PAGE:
As we’re all aware, privacy laws are in effect all over the world and new ones are sprouting up every year. Not only can non-compliance of privacy laws mean hefty fines, a damaged reputation, or both, but the sectoral nature of the legal privacy framework makes it difficult to quickly identify all applicable laws. This has caused individuals and companies alike to take quick action to comply.

When creating a sizeable, wide-reaching privacy compliance program, a smart way to begin is to use an existing framework rather than choosing to reinvent the wheel.

Why a Global Privacy Checklist?

With this in mind, the Consumer Privacy and Data Analytics Subcommittee of the American Bar Association’s (ABA) Cyberspace Law Committee created the Global Privacy Checklist for the business lawyer.

This checklist was created in an effort to help those lawyers who may not be as familiar with privacy law navigate the complexities of global privacy legislation. It is a guide to privacy law from jurisdictions all around the world.

Built for you by Experts

This Subcommittee assembled an international group of privacy experts to contribute, including two of us from the Access team (I, Brent Martindale, Esq., contributed to the Australian section, and John Isaza, Esq., co-chairs the subcommittee and served as co-editor). We sought to find and highlight the most important privacy rules across the globe and included them in this practical and convenient guide.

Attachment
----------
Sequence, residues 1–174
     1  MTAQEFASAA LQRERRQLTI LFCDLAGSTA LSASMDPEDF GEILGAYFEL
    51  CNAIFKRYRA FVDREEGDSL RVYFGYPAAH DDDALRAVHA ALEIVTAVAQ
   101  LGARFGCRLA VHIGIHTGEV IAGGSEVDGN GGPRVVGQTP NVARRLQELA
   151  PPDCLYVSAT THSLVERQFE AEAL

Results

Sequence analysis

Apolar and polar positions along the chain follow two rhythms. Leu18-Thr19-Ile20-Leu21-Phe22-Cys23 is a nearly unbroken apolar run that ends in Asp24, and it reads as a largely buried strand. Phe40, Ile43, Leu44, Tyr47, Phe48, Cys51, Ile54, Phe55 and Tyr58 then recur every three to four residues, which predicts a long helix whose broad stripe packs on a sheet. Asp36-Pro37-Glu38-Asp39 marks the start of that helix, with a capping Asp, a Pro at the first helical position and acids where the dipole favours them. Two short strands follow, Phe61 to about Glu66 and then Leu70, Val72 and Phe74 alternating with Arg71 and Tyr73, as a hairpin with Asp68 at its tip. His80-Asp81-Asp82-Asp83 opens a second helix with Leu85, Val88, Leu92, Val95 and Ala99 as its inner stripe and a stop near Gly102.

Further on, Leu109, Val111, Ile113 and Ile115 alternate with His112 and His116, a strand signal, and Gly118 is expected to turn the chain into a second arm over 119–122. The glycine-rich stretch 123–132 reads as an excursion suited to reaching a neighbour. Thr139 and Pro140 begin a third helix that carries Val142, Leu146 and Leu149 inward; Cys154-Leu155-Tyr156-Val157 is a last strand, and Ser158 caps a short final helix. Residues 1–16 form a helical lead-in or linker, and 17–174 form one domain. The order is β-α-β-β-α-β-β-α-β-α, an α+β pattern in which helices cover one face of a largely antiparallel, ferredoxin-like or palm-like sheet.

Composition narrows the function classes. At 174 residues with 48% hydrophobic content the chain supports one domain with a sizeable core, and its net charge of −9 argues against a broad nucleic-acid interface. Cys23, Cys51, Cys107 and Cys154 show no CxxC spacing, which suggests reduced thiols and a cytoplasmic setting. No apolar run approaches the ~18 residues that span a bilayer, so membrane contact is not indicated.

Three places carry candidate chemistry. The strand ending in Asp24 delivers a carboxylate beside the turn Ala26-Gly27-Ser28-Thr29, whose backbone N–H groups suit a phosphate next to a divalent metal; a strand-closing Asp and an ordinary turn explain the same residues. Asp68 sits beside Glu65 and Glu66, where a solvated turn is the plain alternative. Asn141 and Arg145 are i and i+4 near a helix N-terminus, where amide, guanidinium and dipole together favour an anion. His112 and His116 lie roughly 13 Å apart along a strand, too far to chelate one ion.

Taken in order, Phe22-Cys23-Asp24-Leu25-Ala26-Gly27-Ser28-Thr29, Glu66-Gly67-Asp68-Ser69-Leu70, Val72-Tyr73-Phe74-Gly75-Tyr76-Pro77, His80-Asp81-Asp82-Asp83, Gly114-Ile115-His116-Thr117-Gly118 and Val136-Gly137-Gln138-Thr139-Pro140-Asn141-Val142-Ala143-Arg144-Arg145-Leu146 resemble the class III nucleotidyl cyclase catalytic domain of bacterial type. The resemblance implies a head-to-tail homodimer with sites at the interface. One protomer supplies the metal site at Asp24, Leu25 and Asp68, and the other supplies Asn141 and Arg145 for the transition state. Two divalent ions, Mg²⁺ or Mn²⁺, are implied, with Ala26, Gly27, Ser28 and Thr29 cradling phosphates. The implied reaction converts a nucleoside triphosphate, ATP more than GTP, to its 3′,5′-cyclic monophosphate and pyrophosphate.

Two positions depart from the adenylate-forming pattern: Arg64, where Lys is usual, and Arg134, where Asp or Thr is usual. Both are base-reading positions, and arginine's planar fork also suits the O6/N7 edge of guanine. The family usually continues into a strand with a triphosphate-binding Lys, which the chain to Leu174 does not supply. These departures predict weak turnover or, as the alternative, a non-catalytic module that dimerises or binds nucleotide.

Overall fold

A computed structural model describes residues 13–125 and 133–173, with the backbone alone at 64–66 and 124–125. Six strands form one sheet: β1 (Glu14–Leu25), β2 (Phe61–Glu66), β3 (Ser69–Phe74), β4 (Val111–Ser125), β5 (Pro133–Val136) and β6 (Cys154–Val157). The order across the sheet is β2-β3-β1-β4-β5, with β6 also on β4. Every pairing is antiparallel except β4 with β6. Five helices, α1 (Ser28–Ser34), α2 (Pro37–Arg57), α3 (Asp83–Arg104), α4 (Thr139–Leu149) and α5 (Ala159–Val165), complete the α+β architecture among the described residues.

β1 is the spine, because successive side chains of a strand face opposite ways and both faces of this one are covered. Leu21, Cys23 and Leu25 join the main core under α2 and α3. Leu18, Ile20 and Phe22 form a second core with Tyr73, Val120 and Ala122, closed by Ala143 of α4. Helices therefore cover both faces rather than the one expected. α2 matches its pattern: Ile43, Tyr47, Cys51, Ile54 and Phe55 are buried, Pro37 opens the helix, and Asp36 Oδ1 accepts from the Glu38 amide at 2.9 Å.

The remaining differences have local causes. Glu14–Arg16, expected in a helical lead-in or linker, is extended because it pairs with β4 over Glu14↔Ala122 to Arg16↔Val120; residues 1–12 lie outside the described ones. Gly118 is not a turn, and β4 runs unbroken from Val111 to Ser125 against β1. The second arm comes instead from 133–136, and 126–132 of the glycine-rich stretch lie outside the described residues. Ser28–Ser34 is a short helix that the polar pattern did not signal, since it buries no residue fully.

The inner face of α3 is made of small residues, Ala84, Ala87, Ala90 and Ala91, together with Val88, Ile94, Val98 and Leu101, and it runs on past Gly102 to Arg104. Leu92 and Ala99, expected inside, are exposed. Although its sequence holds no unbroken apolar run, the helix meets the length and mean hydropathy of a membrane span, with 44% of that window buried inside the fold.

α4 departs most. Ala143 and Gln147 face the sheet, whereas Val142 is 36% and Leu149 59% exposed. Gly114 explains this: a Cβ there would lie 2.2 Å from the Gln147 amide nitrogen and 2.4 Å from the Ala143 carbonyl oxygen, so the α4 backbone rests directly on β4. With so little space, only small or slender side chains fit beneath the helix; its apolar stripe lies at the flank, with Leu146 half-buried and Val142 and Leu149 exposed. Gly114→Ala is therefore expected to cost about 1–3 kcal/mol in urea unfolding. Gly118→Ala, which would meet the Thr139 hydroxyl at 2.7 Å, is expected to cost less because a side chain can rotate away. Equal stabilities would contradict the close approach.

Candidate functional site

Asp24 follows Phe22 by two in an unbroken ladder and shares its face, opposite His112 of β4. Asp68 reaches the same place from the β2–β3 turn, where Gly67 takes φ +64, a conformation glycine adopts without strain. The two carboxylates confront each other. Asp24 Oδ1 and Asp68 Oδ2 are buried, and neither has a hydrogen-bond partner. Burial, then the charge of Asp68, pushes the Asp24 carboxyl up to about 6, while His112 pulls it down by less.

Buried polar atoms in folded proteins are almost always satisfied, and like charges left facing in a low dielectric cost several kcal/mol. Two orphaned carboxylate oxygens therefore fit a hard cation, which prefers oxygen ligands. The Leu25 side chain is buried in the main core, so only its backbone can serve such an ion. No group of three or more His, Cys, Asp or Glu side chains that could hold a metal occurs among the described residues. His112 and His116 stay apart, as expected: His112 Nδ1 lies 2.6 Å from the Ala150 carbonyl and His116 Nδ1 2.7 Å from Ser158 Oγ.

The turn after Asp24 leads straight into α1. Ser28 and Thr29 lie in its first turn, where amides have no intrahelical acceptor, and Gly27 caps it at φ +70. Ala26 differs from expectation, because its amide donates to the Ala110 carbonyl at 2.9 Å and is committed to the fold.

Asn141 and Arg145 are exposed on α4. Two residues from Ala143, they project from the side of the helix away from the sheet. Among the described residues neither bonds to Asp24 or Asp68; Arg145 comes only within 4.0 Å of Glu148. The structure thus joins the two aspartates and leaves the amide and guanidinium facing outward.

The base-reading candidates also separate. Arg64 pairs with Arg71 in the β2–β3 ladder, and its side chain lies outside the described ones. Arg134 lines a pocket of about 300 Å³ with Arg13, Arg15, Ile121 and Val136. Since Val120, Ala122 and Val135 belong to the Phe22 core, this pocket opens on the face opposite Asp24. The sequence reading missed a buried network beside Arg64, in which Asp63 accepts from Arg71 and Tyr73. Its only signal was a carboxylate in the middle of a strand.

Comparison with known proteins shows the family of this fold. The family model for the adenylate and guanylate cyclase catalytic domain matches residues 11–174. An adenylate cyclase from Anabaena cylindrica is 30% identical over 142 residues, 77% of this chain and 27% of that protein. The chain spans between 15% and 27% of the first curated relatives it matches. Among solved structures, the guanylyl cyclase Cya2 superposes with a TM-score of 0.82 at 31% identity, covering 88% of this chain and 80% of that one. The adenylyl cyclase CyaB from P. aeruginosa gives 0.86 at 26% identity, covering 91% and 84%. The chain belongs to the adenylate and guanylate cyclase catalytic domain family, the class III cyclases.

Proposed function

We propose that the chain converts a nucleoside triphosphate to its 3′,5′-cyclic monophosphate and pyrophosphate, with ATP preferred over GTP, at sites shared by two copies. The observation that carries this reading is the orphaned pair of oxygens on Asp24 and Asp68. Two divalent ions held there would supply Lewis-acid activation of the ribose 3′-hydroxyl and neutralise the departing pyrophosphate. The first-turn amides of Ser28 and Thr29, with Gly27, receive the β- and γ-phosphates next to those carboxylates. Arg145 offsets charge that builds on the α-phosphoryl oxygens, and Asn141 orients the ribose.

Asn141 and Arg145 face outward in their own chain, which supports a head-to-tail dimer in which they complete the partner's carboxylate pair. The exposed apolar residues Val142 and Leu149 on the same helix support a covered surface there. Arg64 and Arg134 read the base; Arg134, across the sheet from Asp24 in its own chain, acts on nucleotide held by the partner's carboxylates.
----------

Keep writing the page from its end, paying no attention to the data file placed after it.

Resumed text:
This Checklist is a great starting point for any lawyer who counsels clients on complying with privacy laws as well as in-house legal departments as they lead their organizations’ privacy efforts. It serves as a pointer to laws in the U.S., Australia, Canada, the European Union’s General Data Protection Regulation (GDPR), and the member states of the European Union.

Anatomy of the Checklist

The Checklist was built using an Excel spreadsheet and is organized in a user-friendly “if-then” framework. As an example, the U.S. Federal tab includes the “if” statement: If “You collect and use email addresses for commercial purposes.” The “then” statement points the user to the relevant legal rules: “Then consider the applicability of” the “Controlling the Assault of Non-Solicited Pornography and Marketing Act (CAN-SPAM): 15 U.S.C. §§ 7701-7713.” What follows is a summary of the rules that must be followed to comply with the CAN-SPAM Act.

This “if-then” checklist approach to privacy is a quick and ready tool which lawyers can use to aide them in their understanding and counsel to clients. Given the dynamic nature of privacy regulations, this Checklist does not include proposed legislation, but rather only references enacted and enforceable laws. The Subcommittee hopes to update the Checklist annually to include new rules in the everchanging privacy landscape.

Accessing the Checklist and Other Helpful Resources

Currently, only American Bar Association (ABA) members can access the 2021 version of the checklist here, but for non-members, Access offers many other resources that may help you in your privacy law education journey. For example, a recent blog by Brenda Barnhill highlights 10 ways to continually improve privacy compliance, and many other helpful articles on the topic can be found here.

To learn specifically how Access can help your team better manage privacy compliance, check out our eBook: Data Privacy for the Information Management Professional.